An alcoholic beverages case with ping pong balls hanging on the door.

advertising these products, only 7.3% of the stores sold items that promote drinking games/binge drinking (such as red solo cups and ping pong balls) with alcoholic beverages. A number of stores did however have displays for alcoholic beverages that could be confused as non-alcoholic or utilized themed displays in their advertisement practices (31.7% and 19.5%, respectively). Working with these retailers to make small changes in these areas would be small changes that may have a large impact on the way youth perceive alcohol and the culture around drinking in general.

Snapshot of the Region: Tobacco

In the Upper Valley, of the stores surveyed, 90% (n=40) sell tobacco. The chart below delves into the various types of tobacco that are sold in the region, however, it does not distinguish between the various types of smokeless tobacco, such as snuff, snus, chew etc. due to the similar appearance in the products making it difficult to differentiate between the products when completing the scan.

A number of things are important to point out in terms of the placement of tobacco products in the retail environment as well. For the most part, tobacco products were kept out of reach from the customer, behind the point-of-sale (48%). However, there were also a number of instances where tobacco products and/or advertisements were placed near candy, toys, or energy drinks (17%), or were placed on counters, within reach of the customer (35%). This is an area that can easily be targeted for improvement; store owners can easily and cost effectively change the placement of these products to promote a healthier environment and help mitigate normalcy of these tobacco products for our youth.

Finally, a number of different, common, advertising practices for tobacco products can be observed in the Upper Valley. Cross promotions (a discount/promotional effort meant to get individuals to try different types of tobacco) were seen in 10% of the stores. More commonly were price promotions in general (77%); these advertisements offer a “special price” or utilize mobile coupons. Placement of tobacco advertisements is also an area of concern; as was mentioned above, ensuring that advertisements are not placed in the faces of our youth is important in prevention efforts. 27.5% of the stores in our community place advertisements at or below three feet, showing that while many stores are following good practice, there is still room for improvement. Furthermore, 35% of the stores that sold tobacco had advertisements for these products, including cigarettes, smokeless tobacco, and e-cigarettes, from the road.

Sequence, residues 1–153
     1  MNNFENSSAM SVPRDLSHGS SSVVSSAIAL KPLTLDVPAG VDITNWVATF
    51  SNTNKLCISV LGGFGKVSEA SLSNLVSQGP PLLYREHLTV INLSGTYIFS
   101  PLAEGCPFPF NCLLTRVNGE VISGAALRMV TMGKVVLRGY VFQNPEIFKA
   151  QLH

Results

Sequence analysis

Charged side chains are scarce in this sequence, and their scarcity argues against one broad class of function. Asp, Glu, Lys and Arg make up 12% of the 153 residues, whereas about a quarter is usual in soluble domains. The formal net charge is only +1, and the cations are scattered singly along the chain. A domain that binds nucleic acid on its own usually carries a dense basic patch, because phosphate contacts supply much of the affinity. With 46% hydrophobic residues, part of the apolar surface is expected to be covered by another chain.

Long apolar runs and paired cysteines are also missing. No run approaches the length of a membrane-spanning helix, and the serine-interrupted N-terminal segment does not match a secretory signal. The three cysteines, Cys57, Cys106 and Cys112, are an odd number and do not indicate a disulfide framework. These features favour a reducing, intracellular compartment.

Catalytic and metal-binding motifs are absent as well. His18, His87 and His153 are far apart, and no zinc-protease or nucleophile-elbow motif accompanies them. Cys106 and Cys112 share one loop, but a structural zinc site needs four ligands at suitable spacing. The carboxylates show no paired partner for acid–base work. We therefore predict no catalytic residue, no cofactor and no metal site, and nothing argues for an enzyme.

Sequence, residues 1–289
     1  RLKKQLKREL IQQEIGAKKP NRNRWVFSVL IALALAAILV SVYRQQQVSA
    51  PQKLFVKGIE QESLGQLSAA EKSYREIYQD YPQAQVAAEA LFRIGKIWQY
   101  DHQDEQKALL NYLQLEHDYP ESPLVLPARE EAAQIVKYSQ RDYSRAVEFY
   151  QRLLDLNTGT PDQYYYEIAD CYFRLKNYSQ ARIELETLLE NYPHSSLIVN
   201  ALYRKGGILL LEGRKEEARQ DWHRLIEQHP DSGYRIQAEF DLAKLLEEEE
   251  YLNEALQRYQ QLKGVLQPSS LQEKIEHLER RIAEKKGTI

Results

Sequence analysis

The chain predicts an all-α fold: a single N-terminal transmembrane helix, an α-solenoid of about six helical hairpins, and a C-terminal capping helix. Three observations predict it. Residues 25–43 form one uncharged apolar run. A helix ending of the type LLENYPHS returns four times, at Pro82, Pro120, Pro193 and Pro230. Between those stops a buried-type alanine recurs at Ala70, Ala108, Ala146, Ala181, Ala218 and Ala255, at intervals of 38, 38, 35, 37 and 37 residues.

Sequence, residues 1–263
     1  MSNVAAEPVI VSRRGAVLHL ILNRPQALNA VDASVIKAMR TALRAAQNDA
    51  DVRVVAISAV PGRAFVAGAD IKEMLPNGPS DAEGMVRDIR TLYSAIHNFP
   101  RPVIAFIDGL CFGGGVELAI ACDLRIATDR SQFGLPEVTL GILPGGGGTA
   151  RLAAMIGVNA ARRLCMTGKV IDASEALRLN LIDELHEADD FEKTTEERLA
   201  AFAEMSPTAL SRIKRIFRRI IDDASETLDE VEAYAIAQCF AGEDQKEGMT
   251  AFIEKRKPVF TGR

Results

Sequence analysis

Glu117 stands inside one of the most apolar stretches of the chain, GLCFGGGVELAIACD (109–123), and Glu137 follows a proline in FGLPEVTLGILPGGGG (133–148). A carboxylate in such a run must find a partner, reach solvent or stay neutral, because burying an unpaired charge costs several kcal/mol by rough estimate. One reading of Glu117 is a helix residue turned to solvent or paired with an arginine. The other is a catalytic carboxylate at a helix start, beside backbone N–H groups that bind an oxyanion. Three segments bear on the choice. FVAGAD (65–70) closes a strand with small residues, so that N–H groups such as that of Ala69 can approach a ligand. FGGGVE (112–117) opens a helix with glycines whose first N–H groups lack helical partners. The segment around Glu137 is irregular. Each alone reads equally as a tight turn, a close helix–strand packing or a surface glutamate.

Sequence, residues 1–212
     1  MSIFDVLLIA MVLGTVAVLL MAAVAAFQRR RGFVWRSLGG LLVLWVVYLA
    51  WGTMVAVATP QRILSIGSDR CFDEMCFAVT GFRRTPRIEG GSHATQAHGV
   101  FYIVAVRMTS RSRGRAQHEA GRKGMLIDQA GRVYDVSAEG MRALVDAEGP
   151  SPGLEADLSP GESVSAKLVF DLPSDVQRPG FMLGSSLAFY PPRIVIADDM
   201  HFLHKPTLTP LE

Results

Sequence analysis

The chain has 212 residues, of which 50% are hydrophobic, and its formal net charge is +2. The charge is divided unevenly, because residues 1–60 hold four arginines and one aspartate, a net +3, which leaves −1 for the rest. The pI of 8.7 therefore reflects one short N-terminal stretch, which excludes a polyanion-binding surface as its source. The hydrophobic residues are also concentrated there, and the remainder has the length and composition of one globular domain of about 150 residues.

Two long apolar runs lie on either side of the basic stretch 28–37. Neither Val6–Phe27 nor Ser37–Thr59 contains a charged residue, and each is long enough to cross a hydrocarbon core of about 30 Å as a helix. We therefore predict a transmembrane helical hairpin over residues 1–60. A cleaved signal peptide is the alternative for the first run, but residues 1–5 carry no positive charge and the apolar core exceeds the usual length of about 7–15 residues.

Advocating for a Healthier Retail Environment

After collecting this information, I sent a letter specific to each store celebrating what they were doing well, as well as giving them some tips and tricks for ways that they could change the environment of their store to promote a healthier community. This letter called for collective action and change, rather than placing the burden on any one retailer or individual. The hope was that framing the letter in this way would allow the retailers to feel empowered to have a positive effect on the health of the community that they live and do business in.

As a community, we can advocate for limiting retail tobacco/alcohol advertisements, both inside retail stores and at the point-of-sale, as well as advertisements that are visible from the road. Furthermore, we can work with retailers to promote practices, such as keeping these products away from items that are geared toward children and adolescents, such as candy and energy drinks.

Making these small changes can have a large impact on the overall environment of our community and the perceived culture around these products, showing that as a whole, we value healthy decisions and want to do what we can to help young people make the decision not to use tobacco or misuse alcohol.